The British actress Kate Winslet stars in two movies opening this month. "The Reader" is based on a novel by the German writer Bernhard Schlink. Critics have praised Winslet's performance as Hannah, a woman who worked as a guard at a Nazi German death camp during World War Two.

In "Revolutionary Road," Winslet reunites with the actor Leonardo di Caprio. The two last worked together eleven years ago in the popular movie "Titanic." In "Revolutionary Road" they play a husband and wife struggling to find happiness and meaning in their life together. The movie, set in the nineteen fifties, is based on a book by Richard Yates.

Two other highly praised movies are based on real events. "Milk" is about Harvey Milk, one of first elected public officials in the United States who was openly homosexual. He was murdered soon after being elected to the San Francisco Board of Supervisors -- along with the city's mayor -- but he had a lasting effect as a political leader. Sean Penn gives a powerful performance as Harvey Milk.

"Frost/Nixon" is the movie version of a play. It recreates the true story of a British television star, David Frost, and his interviews with former American President Richard Nixon. Mister Nixon resigned the presidency in nineteen seventy-four because of charges of corruption in a case known as Watergate. This movie shows David Frost's attempts to get Richard Nixon to admit his wrongdoing during a television interview three years later.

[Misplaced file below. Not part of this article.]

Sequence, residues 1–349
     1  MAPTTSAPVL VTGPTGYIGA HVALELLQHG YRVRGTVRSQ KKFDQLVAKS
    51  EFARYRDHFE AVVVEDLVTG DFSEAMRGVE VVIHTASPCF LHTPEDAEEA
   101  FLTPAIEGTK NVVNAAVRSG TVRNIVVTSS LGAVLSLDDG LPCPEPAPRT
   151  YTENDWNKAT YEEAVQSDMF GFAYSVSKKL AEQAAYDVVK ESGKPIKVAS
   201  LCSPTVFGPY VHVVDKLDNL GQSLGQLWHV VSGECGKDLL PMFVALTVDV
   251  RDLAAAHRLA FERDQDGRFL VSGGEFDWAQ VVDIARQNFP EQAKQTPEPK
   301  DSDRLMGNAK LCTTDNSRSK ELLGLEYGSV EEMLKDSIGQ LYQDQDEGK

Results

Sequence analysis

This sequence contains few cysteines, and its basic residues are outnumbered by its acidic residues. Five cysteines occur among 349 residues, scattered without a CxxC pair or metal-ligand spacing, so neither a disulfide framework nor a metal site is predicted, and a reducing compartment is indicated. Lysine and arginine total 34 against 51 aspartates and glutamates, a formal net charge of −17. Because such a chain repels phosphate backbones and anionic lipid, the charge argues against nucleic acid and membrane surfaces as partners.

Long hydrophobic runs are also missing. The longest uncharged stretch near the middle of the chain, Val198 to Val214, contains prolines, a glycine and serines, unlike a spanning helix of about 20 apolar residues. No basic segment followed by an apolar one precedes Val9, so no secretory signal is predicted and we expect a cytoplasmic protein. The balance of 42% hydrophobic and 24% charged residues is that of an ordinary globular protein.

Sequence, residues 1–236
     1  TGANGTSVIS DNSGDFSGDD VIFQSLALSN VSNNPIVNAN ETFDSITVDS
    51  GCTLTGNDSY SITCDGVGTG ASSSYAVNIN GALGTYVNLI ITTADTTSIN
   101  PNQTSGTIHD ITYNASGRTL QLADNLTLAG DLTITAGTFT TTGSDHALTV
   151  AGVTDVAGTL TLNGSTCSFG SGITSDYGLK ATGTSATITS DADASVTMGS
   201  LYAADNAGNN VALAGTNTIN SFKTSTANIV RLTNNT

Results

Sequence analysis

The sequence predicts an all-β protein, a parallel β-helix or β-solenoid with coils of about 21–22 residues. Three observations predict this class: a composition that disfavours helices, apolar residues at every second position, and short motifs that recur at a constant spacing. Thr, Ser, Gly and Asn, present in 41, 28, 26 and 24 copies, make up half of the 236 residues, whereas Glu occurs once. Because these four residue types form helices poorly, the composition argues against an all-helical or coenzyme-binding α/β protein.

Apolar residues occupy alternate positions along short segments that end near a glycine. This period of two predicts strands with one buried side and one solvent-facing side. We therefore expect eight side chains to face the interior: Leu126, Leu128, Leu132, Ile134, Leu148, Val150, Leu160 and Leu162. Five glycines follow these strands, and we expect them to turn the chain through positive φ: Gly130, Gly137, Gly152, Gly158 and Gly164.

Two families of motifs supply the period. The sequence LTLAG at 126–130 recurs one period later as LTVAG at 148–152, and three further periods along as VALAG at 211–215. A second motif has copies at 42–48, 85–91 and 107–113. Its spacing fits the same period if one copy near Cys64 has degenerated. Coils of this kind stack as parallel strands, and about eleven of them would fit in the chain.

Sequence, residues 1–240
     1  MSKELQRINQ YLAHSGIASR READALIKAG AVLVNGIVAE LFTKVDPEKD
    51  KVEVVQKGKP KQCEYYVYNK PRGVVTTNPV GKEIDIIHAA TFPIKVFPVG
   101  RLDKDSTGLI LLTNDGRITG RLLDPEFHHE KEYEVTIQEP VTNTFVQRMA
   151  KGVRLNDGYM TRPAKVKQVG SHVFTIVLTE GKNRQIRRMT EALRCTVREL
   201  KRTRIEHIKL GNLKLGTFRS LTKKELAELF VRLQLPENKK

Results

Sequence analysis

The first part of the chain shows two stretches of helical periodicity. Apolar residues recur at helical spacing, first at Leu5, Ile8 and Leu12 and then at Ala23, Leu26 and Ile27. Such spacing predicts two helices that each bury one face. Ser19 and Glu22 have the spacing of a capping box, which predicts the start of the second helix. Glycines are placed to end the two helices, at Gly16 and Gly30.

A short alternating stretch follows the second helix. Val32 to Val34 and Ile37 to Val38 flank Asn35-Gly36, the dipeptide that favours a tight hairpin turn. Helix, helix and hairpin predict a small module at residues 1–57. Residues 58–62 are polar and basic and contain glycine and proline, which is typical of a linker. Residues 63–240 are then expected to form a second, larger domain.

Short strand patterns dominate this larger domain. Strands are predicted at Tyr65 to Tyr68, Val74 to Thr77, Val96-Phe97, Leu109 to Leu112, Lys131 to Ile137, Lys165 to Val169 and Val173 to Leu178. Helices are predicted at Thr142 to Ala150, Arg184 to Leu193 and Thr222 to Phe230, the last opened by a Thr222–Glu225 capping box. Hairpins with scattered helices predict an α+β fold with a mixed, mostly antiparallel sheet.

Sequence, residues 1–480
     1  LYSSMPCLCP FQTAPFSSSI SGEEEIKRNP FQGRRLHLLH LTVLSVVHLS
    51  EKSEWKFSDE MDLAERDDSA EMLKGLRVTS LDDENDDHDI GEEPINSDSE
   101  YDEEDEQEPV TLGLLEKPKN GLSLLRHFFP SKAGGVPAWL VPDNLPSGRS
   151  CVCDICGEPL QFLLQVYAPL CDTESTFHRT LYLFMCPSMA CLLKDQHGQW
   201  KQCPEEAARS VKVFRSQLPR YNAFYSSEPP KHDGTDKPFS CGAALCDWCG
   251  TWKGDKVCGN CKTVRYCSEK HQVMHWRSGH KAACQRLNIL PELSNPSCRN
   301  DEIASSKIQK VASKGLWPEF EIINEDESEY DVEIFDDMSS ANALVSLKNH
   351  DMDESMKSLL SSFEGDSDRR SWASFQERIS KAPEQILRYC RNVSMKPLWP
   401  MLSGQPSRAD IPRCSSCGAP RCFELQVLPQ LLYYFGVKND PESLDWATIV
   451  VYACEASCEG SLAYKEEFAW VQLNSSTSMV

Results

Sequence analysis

Michael Sheen and Frank Langella were Frost and Nixon in the play as well as the movie.

Critics have especially praised the performances by two other actors. Clint Eastwood stars in "Gran Torino," a movie about an angry, old man who unexpectedly becomes the protector of his next-door neighbors. And in "The Wrestler", Mickey Rourke plays an aging professional wrestler trying to restart his failing career.

Music From 2008


We try to talk about and play many different kinds of music on American Mosaic. We cover pop, country, hip-hop, and even classical and Broadway show tunes. But we cannot possibly report on all the good music that is released each year. So this week, Katherine Cole plays a few of the best songs and artists we missed in two thousand eight.


Santi White is a thirty-two year old singer, songwriter and music producer. You might have heard her words coming from singers Ashlee Simpson and Res.

In April, Santi White released her first album. It is called "Santogold," which is also the name she performs under. White says she loves music from the nineteen eighties. That influence is clear in this song, "Lights Out."


We played lots of country music this year but nothing from Lady Antebellum. The three- member group was the only country band nominated for a best new artist Grammy. Here the group performs "Love Don't Live Here."


Many good jazz albums were released this year. Trombonist Steve Turre's recording, "Rainbow People," was especially beautiful. Here is the title piece.


Finally, we leave you with the song "Electric Feel," from the Brooklyn, New York band, MGMT. Their first album, "Oracular Spectacular," was released this year.



I'm Doug Johnson. I hope you enjoyed our program today.

It was written by Dana Demange, Shelley Gollust and Caty Weaver, who was also the producer. To read the text of this program and download audio, go to our Web site,

Join us again next week for AMERICAN MOSAIC, VOA's radio magazine in Special English.